Skip to Main Content
It looks like you're using Internet Explorer 11 or older. This website works best with modern browsers such as the latest versions of Chrome, Firefox, Safari, and Edge. If you continue with this browser, you may see unexpected results.
UCQ

Writing Style

Prepositions (prep)

This page is in the process of being updated. 

A preposition is a linking word. Prepositions are always part of a phrase, a group of words that contains the preposition and its object. The object can be a noun, noun phrase, or pronoun.  The prepositional phrase links its object to other words or parts of the the sentence.
Most prepositions show a relationship related to place, time, direction, comparison, or effect.
 

Common Prepositions

of - All levels of nursing are needed in health care today.

to - The elderly patient has a right to equal treatment.

in - Health promotion programs exist in many settings.

for - Nurses provide care for three types of clients: individuals, families, and communities.

as - Some physicians are primary care practitioners (also known as general or family practitioners).

with - A client with a back injury needs to learn how to get out of bed safely.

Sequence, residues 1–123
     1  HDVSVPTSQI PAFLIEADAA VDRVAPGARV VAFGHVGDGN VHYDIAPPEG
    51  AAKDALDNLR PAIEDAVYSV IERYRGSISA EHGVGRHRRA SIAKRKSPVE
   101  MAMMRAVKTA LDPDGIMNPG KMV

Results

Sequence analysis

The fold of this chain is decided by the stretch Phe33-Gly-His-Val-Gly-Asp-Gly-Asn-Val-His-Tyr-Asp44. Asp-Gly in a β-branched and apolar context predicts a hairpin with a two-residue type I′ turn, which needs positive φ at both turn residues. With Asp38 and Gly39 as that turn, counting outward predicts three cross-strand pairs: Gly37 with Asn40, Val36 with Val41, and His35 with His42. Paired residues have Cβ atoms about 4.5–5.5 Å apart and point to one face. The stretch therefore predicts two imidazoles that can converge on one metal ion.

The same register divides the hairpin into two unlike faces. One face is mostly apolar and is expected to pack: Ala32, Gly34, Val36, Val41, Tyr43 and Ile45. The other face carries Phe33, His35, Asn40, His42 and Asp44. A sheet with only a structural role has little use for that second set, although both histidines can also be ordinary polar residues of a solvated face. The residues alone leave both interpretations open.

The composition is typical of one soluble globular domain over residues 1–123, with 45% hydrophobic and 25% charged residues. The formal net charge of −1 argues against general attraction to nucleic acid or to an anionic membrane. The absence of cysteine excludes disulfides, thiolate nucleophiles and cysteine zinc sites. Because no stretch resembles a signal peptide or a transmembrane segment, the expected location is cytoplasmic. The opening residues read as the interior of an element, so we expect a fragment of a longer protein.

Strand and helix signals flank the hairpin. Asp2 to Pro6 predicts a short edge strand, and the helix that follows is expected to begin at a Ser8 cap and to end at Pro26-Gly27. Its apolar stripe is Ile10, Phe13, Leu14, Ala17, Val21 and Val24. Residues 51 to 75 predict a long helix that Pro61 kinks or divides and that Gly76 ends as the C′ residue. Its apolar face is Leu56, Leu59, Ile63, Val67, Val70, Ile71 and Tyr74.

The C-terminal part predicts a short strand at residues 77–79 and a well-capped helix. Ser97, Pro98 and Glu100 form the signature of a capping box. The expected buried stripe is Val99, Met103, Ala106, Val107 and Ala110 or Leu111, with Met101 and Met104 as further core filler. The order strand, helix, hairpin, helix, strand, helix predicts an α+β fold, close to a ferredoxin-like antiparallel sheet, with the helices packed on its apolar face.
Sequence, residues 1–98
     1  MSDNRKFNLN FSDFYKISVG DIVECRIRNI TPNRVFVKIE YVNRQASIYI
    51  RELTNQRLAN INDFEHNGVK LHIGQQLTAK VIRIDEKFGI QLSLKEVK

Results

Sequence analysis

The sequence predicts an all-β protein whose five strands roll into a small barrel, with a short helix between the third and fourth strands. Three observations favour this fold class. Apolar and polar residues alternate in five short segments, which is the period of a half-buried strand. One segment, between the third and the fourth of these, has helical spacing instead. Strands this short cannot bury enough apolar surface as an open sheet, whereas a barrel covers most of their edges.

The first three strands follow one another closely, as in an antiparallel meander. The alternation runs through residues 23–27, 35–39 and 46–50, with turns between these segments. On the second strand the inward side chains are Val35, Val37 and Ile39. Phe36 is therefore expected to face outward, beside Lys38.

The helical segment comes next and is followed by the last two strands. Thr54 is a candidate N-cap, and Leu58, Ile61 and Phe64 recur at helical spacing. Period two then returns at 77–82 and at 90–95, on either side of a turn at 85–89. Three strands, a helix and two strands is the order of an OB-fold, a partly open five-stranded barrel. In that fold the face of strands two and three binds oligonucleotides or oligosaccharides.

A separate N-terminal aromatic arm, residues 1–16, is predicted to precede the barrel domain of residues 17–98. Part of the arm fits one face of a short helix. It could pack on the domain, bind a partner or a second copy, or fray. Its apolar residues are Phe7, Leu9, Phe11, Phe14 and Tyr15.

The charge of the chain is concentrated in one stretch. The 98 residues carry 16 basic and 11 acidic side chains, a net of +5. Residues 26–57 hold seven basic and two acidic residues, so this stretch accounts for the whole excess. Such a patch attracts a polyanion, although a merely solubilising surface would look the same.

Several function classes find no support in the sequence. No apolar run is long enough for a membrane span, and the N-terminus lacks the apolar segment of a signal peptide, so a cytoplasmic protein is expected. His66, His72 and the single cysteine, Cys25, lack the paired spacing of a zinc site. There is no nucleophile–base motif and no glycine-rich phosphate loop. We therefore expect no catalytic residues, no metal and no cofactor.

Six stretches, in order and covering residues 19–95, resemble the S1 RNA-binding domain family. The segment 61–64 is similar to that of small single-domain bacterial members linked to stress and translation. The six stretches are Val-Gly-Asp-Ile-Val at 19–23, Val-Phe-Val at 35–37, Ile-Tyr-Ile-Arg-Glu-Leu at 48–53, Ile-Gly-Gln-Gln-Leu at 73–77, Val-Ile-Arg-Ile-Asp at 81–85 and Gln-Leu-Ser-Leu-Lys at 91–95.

on - The choice of treatment for a particular client depends on the needs of the client.

by - Private hospitals are often operated by churches, companies, and communities.

from - Store the medication away from heat and moisture.

at - Have the client sit up in bed for at least 1 minute.

about - Instruct about proper administration of medication.  

during - Children get tired quickly during treatment.

through - Some patients repeat through the stages more than once.

before - The nervous system must grow before a baby is able to sit, walk or talk.

after - Exercise will help recovery after a stroke.

Prepositional Phrases

A prepositional phrase has at least two parts: preposition + object (noun, noun phrase, or pronoun).
The nurse went to the hospital on Sunday.
The patient’s family drove in a car to visit.


A prepositional phrase may also have adjectives or adverbs that provide additional information:
The nurse went to the women’s hospital on Sunday.
The patient’s family drove in a big blue car to visit.

 

More Information

"Grammar: Prepositions," Walden University

"Prepositions," Towson University

"Prepositions of Location: At, In, On" - Perdue OWL

"Prepositions of Time -- for, during, while," University of Victoria: English Language Centre